The 94th Annual League of Municipalities Convention was, for many, an opportunity to attend parties, but for me it was an opportunity to attend several of the educational seminars to collect information that might be helpful to me as a Plainfield elected official. I attended a total of seven seminars over a three-day period. I arrived in Atlantic City at about 3:15 in the afternoon of Tuesday, November 17th and headed straight to a seminar on "Division of Pensions and Benefits Update on Retirement Planning and Employee Benefits and Services" from 3:45 - 5:15 pm.
On Wednesday, November 18th, day two of the convention, I attended the following four seminars: "Forensic Techniques for Detecting Internal and External Fraud in a Municipal Environment" from 9:00 - 10:40 am; "Local Government and the Non-Profit Sector - Separate Worlds or Effective Partners?" from 10:45 am - 12:00 noon; "Performance Measurement Benchmarking - Do They Work?" from 2:00 - 3:40 pm and "Budgeting in 2010 - Learning from the 2009 Experience - What Works from the Short Term and Long Term Perspective" from 3:45 - 5:15 pm.
On day three, Wednesday, November 19th, I attended the following two seminars: "State and Cooperative Purchasing Program - Where Are We Today? - Where Will We Be Tomorrow?" from 9:00 - 10:40 am; and, "The Open Public Records Act In 2009" which ran from 10:45 - 12:00 noon rounded out my educational experience at the convention. After these, off I went to the League luncheon, for all delegates, where Governor-elect Chris Christie and outgoing Governor John Corzine spoke to delegates about the state of the State, the challenges we face and the need for bi-partisan cooperation.All in all, I found the convention to be enormously beneficial. Elected officials and municipal employees who availed themselves of the information presented by the various speakers should be better informed and more aware of the challenges and crises facing their municipalities. We must all be willing to make the hard choices, make the necessary sacrifices and follow the lead of those municipalities that have already put austerity measures in place to cope with the very harsh economic times in an effort to minimize the impact of ever-rising property taxes.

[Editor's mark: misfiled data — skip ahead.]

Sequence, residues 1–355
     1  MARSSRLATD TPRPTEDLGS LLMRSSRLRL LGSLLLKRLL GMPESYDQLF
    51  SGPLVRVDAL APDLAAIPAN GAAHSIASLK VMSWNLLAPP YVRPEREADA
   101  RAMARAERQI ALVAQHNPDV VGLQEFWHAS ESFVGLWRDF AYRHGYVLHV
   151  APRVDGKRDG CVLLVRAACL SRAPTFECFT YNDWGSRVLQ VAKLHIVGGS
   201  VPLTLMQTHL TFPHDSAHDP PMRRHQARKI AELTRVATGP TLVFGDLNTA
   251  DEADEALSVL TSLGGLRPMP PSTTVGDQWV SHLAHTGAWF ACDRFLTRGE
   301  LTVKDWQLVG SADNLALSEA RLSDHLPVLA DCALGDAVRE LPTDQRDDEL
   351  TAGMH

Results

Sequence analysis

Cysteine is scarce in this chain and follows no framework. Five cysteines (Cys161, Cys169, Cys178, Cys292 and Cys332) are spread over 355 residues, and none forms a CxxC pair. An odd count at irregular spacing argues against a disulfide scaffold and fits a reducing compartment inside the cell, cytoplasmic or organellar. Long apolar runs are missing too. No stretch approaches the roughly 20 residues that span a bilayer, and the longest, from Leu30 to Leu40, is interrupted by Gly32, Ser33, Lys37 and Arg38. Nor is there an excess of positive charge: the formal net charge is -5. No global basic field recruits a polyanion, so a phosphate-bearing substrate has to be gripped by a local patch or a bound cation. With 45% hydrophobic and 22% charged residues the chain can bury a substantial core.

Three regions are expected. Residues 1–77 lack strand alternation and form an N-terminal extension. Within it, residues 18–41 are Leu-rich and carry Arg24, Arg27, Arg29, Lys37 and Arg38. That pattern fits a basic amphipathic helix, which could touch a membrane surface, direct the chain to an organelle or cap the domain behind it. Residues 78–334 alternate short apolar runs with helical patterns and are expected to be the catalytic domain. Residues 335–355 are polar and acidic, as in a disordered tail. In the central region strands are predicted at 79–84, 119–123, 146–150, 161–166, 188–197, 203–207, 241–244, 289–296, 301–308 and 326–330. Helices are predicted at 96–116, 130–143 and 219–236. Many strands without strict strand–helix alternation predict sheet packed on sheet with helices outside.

What should be clear to all of us is that we cannot continue do what we have always done. We must change the way government delivers services to the people and we must explore opportunities for driving down the costs for those services. Later this week, I will share with you some of my "takeaways" from the seminars as well as some of the things I intend to champion in the coming year.